Post-Partum Depression (Yes, it is real!)

With the recent news of ‘Nashville’ actress Hayden Panettiere entering treatment for Post-Partum Depression, Andrea Smith, mother of two, joins Connecticut Children’s blog to discuss her very own struggle with the disorder and why she hopes others suffering seek professional help.

10-14-15-1When Connecticut Children’s asked me to write a blog about my experience with Post-Partum Depression (PPD), I felt fortunate to have an outlet to tell my story in hopes of helping other women who have experienced, are experiencing, or will experience PPD.

First, some statistics about PPD from the American Psychological Association:
“An estimated 9-16 percent of postpartum women will experience PPD”.  Doesn’t sound like much until I read, “among women who have already experienced PPD following a previous pregnancy, some prevalence estimates increase to 41 percent”.  Now that is a statistic to take notice of.

When I was pregnant, I had people telling me the “warm and fuzzy” stories about pregnancy, childbirth and child-rearing.  Let’s face it: most people are well-meaning, not intentionally trying to hurt you.  Having a child is great, IF you never experience PPD.  Having a child while you have PPD can be extremely difficult.  If you are one of the moms’ who never had to worry about PPD, you are lucky.

A little background on me: Got engaged in 1997 at the age of 31, purchased a house, and got a dog together.  Married in 1998 at the age of 32.  At age 36, I had my son.  At 40, I had my daughter. (Can you say tick-tock, there goes my biological clock?)  Pregnancy was not easy for me.  I suffered a miscarriage (early on) before I got pregnant with my son.  In between my son and trying to have my second baby, I suffered two miscarriages; one at 3-months gestation.  At that point my husband and I decided to see a fertility specialist.  I was scheduled to have a Salpingogram (an infertility test that shows whether both fallopian tubes are open and whether the shape of the uterine cavity is normal).  I scheduled the test.  Luck was on my side; I got pregnant before before having the test.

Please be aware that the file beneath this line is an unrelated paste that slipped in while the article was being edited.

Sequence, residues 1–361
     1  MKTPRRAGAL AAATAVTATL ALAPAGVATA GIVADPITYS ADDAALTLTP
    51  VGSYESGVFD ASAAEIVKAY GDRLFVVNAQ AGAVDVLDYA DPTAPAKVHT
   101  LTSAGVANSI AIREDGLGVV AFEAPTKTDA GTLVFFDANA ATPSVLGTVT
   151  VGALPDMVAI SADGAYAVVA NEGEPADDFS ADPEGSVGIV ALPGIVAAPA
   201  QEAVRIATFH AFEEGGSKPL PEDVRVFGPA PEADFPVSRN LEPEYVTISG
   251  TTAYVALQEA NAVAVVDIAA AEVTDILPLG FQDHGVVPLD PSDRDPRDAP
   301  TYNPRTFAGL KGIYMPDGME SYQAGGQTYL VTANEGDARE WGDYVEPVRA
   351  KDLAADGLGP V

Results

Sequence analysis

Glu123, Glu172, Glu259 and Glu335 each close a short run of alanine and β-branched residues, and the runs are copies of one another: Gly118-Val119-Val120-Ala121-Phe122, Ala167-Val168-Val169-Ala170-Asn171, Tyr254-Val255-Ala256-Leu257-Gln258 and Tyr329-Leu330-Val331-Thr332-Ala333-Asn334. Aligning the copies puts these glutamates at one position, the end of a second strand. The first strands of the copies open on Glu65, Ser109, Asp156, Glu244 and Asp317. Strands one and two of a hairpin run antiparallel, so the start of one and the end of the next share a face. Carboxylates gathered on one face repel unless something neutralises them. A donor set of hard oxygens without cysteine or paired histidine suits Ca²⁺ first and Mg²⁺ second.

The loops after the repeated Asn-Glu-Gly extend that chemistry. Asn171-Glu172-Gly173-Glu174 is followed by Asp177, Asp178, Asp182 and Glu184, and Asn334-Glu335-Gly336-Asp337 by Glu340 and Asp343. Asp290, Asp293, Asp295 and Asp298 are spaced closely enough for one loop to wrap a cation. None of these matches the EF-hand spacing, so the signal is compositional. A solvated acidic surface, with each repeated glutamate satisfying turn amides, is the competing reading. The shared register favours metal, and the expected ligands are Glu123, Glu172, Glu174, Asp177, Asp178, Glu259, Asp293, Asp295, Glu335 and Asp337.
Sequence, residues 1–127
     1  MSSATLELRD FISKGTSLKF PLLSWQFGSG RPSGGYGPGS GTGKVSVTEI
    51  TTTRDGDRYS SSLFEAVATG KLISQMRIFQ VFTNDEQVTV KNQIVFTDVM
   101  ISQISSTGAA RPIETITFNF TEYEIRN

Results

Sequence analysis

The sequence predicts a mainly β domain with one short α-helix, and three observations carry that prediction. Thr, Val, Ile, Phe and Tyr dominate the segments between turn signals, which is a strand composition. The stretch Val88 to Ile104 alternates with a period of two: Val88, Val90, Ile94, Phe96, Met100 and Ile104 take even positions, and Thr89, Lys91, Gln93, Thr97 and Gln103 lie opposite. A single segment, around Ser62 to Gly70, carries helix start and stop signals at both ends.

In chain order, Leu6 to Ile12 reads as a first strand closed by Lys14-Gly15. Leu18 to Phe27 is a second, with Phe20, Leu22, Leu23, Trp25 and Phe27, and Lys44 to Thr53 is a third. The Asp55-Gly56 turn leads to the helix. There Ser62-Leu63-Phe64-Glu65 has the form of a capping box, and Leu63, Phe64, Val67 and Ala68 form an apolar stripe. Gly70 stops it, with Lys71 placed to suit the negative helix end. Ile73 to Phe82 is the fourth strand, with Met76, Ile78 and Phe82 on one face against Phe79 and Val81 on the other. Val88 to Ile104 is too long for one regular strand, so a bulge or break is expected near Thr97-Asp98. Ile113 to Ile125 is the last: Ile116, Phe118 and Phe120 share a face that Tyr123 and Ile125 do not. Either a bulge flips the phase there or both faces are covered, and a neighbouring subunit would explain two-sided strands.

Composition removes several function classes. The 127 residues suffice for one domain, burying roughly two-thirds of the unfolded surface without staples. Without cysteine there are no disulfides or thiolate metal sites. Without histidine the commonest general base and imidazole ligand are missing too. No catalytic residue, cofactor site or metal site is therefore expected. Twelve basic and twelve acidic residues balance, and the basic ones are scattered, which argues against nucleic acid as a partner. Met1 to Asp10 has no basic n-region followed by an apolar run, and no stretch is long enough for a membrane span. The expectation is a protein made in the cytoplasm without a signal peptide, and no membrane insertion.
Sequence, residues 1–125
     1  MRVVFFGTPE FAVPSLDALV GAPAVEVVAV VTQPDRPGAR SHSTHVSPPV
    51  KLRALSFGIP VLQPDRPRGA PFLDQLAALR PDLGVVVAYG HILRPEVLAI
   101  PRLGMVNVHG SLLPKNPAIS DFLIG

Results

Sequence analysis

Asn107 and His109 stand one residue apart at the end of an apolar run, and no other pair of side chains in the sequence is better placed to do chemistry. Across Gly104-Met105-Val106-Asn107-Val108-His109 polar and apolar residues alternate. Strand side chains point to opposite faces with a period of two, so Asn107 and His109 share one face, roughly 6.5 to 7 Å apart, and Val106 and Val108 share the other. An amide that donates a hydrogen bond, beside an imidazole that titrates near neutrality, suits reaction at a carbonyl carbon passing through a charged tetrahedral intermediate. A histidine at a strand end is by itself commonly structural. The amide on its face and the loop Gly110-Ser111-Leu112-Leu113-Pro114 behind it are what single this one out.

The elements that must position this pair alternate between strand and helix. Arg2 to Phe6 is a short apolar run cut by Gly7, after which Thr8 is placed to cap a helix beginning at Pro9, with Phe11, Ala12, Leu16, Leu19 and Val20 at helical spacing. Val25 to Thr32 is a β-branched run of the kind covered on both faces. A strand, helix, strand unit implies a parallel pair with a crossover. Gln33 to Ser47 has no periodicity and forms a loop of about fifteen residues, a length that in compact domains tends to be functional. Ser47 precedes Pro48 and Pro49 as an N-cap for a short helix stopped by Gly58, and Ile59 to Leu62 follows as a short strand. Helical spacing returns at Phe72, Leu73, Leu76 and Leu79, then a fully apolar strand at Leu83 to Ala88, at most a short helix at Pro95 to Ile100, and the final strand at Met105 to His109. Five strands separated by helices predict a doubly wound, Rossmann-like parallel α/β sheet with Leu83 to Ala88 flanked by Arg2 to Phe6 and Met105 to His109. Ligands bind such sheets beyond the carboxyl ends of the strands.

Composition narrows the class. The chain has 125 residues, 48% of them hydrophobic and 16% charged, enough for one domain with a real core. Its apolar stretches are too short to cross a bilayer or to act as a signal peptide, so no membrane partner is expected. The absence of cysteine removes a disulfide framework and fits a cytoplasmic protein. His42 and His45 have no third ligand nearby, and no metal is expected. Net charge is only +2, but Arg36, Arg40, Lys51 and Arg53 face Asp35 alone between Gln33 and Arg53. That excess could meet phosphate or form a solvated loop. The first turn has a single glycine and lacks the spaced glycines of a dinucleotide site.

My pregnancies I have to say were uneventful.  No vomiting, gestational diabetes, or any major complications, except for my dislike of coffee for the first trimester (and I LOVE coffee!)  I loved being pregnant; the way I glowed, the maternity clothes, the attention from my husband.  The only thing I didn’t like was the Braxton-Hicks contractions that plagued me the last month of my pregnancy.  Looking back though, I would have taken the Braxton-Hicks contractions over PPD any day.  At least they came to an end with birth.

Both my kids never made their due dates.  Born 3-1/2 weeks early, Jacob arrived on April 1, 2002.  He was due at the end of April.  At 5 lbs. 5 oz. he was declared a healthy baby.  He never had to spend a day in the NICU.  Megan arrived on February 12, 2006 and arrived two weeks early.  Her due date was end of February.  She too was a healthy 7 lbs.  And, please don’t hate me ladies; I had both kids within in 9 hours of my first contraction, and only had to push a couple of times and they were born.  (What can I say, I have determined kids!)

Jacob was so beautiful!  I was so happy to welcome my first child into the world!  The nurses were great; taking the baby at night so I could sleep.  The visitors and the gifts.  It was all so hunky dory!….…..until it was time to take baby home and care for him on my own. Then reality set in….